When Windows 10 launched, influential tech writer Mary Jo Foley got her hands on a key Windows 10 shortcut list and tweeted it. Her tweet was retweeted 103 times, liked 99 times and drove record traffic to the guide, which was created by the Microsoft IT WorkSmart@Microsoft program.
“That was a real hit for our program, but a big part of it was also because Windows 10 had just come out and people wanted to know what the new shortcuts were,” says Mark Antone, the program manager in Microsoft IT who manages the WorkSmart@Microsoft program.
Microsoft IT created WorkSmart@Microsoft to bridge the gap between technology and users, meaning users sometimes need a little helping hand to get around once Microsoft releases or updates its technology.
“We pull together scenario-based guides that are for everyone, Microsoft customers and our employees,” Antone says. “The whole idea is to help people move as quickly as possible past the ‘how do I use this’ stage – that way they can start getting value out of the new products or features right away.”
There’s a method to the madness, Antone says, explaining that WorkSmart@Microsoft guides are specifically targeted at early adopters because once they start using a new product, they are good at spreading the word and advocating for it.
Originally started in 2007, the program currently has about 200 guides that are in circulation and used extensively. WorkSmart@Microsoft guides get 2.3 million visits per year externally and the internal website gets about 50,000 views per year, numbers that continue to grow. The product guides focus mainly on consumer scenarios but include some enterprise products as well. They are mostly level 100 but can go up to 200. Go here to visit the WorkSmart@Microsoft landing page.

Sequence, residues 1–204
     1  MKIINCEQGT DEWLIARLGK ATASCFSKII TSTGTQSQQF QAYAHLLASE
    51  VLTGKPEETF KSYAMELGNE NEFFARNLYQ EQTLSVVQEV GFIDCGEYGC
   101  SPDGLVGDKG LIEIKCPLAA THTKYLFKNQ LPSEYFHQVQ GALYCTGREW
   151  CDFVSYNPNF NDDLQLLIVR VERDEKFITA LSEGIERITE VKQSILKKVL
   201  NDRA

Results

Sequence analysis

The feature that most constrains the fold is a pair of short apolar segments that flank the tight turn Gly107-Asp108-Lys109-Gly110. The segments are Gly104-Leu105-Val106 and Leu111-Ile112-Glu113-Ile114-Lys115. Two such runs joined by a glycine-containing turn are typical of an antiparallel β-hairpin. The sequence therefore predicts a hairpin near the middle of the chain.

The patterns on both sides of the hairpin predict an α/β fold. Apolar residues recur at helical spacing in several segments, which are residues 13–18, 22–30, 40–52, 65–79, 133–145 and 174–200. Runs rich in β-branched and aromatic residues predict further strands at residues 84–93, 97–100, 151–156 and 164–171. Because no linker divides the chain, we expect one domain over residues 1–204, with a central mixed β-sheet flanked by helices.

One of the most popular guides is the one on Microsoft Edge. It shows you how to take notes on the web, make friends with Cortana, make a reading list, manage your favorites, download and upload, and of course, how to browse the Internet. Another popular guide shows you how to get the most out of OneNote, including how to run meetings and events. Others tell you how to use OneDrive, PowerPoint, and SharePoint. Another suite of guides focus on the growing Microsoft presence on competitive platforms like iOS and Android.
As you might expect, most people who find the WorkSmart@Microsoft program do so when something isn’t working. “People find us by searching on a topic when they don’t know how to do something,” Antone says. “Or if they just want to get started with something new.”
External companies are invited to use the WorkSmart@Microsoft content for their internal readiness efforts. If you have a question, reach Antone at email@example.com.